Dr Bryony Randall
- Senior Lecturer (English Literature)
Dr Bryony Randall is Senior Lecturer in English Literature. Her primary research interests are in modernist literature, particularly the early modernist period; editing modernism; and literature and the everyday. She has related interests in literary theory (particularly feminist and materialist approaches); women’s writing; literature and work; and literature and time.
She is co-General editor with Jane Goldman and Susan Sellers of the Cambridge University Press edition of the Works of Virginia Woolf, and is also co-editing with Laura Marcus the CUP edition of Virginia Woolf's short fiction. She is editing The Trap for the forthcoming Oxford University Press edition of Dorothy Richardson's Pilgrimage. She was PI on the AHRC funded network on the New Modernist Editing, 2016-17: https://newmodernistediting.wordpress.com/. Her first book, Modernism, Daily Time and Everyday Life is published by Cambridge University Press (2007); she is co-editor with Jane Goldman of Virginia Woolf in Context (CUP, 2013); and she has published on a range of authors and topics in modernist and protomodernist literature including Virginia Woolf, Dorothy Richardson, Gertrude Stein, H.D., and fin de siècle short fiction. She is co-founder and treasurer of the Scottish Network of Modernist Studies, and is on the editorial board of the journal Pilgrimages: the journal of Dorothy Richardson studies. Ongoing research interests include the working woman writer 1880-1920, exploring the relationships between work, writing and gender in the early modernist period; and the one-day novel in twentieth and twenty-first century literature.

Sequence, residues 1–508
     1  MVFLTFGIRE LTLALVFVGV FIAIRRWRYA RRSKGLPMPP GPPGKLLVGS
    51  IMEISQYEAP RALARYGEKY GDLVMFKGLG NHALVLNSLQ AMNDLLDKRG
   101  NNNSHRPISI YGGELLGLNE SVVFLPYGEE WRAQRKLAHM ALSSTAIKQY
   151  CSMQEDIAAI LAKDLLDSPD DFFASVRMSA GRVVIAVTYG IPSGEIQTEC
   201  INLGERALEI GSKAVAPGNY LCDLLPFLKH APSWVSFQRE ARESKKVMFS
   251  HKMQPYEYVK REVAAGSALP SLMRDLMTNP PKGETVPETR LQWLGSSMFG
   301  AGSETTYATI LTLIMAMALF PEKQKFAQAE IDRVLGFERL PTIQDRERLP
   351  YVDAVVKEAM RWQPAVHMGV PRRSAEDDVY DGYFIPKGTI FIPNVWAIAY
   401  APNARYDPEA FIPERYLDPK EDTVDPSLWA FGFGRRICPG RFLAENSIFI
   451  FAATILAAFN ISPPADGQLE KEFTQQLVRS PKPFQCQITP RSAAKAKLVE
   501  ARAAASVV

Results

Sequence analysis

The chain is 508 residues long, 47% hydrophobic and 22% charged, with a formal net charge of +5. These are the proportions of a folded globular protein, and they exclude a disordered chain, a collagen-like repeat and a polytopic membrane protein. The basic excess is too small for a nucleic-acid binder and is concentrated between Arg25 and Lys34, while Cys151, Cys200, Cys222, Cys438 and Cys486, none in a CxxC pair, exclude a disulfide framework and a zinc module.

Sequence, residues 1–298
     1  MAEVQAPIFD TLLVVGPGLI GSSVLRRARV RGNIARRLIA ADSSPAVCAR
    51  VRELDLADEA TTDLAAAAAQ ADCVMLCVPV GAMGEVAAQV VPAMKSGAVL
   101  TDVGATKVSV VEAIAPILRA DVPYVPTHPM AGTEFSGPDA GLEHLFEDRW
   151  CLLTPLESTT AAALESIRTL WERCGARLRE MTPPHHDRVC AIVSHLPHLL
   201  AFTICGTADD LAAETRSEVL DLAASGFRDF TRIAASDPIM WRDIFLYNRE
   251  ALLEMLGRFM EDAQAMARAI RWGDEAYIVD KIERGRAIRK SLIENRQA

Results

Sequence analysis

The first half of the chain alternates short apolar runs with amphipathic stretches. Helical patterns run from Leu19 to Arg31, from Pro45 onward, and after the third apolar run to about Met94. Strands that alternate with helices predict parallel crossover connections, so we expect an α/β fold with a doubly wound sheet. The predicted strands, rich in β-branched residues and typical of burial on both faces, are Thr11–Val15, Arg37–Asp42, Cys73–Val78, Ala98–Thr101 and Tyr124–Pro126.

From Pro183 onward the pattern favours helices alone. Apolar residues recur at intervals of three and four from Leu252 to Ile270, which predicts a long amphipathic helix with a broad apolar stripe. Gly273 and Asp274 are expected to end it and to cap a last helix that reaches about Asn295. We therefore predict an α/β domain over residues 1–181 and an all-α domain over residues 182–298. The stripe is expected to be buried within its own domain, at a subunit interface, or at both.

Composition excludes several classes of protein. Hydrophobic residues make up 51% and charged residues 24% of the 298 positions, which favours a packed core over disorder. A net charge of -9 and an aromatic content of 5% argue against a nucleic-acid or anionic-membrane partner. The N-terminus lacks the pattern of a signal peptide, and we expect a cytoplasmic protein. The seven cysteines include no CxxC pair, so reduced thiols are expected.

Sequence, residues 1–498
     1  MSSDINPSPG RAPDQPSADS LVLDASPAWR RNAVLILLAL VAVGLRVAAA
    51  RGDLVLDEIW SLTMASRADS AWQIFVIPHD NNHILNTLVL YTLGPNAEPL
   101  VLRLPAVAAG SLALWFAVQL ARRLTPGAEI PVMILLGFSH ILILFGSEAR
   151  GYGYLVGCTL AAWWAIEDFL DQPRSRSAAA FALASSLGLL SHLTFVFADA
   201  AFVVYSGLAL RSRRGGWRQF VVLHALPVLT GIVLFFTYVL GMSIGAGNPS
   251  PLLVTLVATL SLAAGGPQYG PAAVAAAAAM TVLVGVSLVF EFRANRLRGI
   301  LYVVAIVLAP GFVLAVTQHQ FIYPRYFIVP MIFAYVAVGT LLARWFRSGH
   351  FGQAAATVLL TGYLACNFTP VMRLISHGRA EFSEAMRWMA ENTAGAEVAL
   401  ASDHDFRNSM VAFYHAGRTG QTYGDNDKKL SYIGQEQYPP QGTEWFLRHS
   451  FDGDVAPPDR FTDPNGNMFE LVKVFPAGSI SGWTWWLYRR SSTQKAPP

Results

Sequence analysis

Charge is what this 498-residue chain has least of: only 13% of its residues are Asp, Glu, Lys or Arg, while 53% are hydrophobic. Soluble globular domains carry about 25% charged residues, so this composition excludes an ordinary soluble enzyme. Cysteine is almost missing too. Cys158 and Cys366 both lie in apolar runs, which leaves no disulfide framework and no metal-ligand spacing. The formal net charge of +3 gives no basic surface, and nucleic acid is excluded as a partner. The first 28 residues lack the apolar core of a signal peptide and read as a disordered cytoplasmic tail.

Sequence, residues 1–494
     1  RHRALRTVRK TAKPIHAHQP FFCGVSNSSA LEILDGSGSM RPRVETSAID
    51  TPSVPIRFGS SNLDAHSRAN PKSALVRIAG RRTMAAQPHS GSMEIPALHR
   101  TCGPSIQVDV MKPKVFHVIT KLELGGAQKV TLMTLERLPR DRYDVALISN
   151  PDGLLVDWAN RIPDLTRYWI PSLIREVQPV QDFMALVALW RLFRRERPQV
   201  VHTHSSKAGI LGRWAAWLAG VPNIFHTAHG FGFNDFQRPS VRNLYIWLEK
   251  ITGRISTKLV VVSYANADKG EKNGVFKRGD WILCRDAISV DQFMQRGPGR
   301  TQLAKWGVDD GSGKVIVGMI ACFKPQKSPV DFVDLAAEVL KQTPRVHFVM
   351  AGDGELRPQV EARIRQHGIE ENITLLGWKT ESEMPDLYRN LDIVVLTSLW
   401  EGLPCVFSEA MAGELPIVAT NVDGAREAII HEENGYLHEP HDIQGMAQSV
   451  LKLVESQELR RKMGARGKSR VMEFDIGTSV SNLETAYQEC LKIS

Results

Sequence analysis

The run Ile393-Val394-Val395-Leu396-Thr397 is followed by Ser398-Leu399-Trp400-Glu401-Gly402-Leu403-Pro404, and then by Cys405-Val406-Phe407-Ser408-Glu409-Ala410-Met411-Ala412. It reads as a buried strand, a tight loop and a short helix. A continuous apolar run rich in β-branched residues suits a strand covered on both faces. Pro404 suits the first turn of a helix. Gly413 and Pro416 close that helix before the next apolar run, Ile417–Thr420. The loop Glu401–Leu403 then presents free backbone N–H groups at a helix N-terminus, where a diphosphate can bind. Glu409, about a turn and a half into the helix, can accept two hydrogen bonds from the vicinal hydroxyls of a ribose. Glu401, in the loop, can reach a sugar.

Randall, B. (2013) Writing parties: Virginia Woolf's texts as guests. In: The Modernist Party. Edinburgh University Press: Edinburgh, UK, pp. 95-111. ISBN 9780748647316
Dr Randall welcomes postgraduate research proposals in any of her areas of interest. She his currently co-supervising a range of projects including Dorothy Richardson's Pilgrimage as double autobiography, the femninist politics of the work of Mina Loy, and the novels of Nan Shepherd; she has also recently co-supervised projects on the politics of aesthetics in modernist fiction, World War One poetry, H.D. and mysticism, and contemporary literature and work. She particularly welcomes any students interested in working on modernism and editing, or literature and the everyday.